Professional development and training blog of the Public Relations Society of America (PRSA)
November 19, 2010

Following Up After the First Interview

My experience as the manager of the PRSA Jobcenter has given me a 360 degree view of what can help you land that job. Although I’m not a human resources expert, I have seen recent success stories and tactics that can help job seekers compete more effectively.

A friend recently asked me if she should contact a potential employer regarding her recent interview. This was her third interview with the same company. I found myself asking her to show them what she’s bringing to the table other than just her resume and cover letter. This conversation illustrates the dilemma that many job seekers encounter after an interview. Consider utilizing these suggestions for following up regarding the status of an interview (think ARTS):

  • Article(s) they might find helpful for their business. This demonstrates that you are an expert and seek up-to-date information within your industry.
  • Review their website in great detail. Is there anything that can be improved? Does it reach the right audience? How can they grow their audience? Can you improve upon their message? If you have any knowledge of search engine optimization (SEO), it will only be a plus. You will need this expertise when writing SEO-maximized press releases. Subscribing to Lee Odden’s newsletters can help cultivate these skills.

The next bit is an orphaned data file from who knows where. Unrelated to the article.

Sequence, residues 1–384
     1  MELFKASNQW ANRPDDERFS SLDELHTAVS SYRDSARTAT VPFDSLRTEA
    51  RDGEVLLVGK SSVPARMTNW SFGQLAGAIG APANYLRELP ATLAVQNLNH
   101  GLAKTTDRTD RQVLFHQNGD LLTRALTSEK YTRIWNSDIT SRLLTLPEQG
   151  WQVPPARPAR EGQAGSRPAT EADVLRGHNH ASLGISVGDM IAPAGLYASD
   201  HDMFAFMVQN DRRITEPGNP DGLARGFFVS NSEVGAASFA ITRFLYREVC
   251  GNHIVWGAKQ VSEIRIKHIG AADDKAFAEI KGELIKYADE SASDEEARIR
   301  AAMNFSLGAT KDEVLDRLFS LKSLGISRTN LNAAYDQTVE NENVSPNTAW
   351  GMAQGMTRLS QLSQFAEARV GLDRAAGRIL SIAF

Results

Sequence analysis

• Target their bottom line with insights into improving their business. What challenges does their company face? How can your unique talents help them meet those challenges? Prepare a marketing letter, fundraising letter, press release or whatever is most applicable to demonstrate that you understand their needs and have the qualifications to meet them.
  • Show your knowledge on social media. Can you prepare a social media plan for your potential employer? If so, make sure you state the goals of the social media plan. As a side note, two jobs recently posted to PRSA Jobcenter were Web and social media communications officer, and social media group leader.

Consider the best format to present this information, such as an online portfolio, a PowerPoint presentation or other method.

These efforts will also help get you to the second and third interview, and hopefully lead to becoming a recipient of a job acceptance letter.

With your documents shared with your potential employer, you have a reason to call to follow-up and inquire if they received the information, whether it was helpful and the status of the job.

According to Andrea Nierenberg, an industry expert in networking, 20 percent of rejections still result in a hire if you stay in touch. The key is to always bring something substantial to the table first, such as ARTS.

By Richard Spector, manager, Jobcenter and Client Services, Public Relations Society of America (PRSA).

Get connected with the largest community of public relations and communications professionals at PRSA’s Jobcenter. Whether you are posting a job or job hunting in community relations, corporate communications, public affairs or any communications sector, the PRSA Jobcenter connects you with more than 77,000 potential employees, including 22,000 PRSA members and nearly 10,000 PRSSA students. View more than 1,000 communications jobs, public relations and other career-related opportunities and professionals today!

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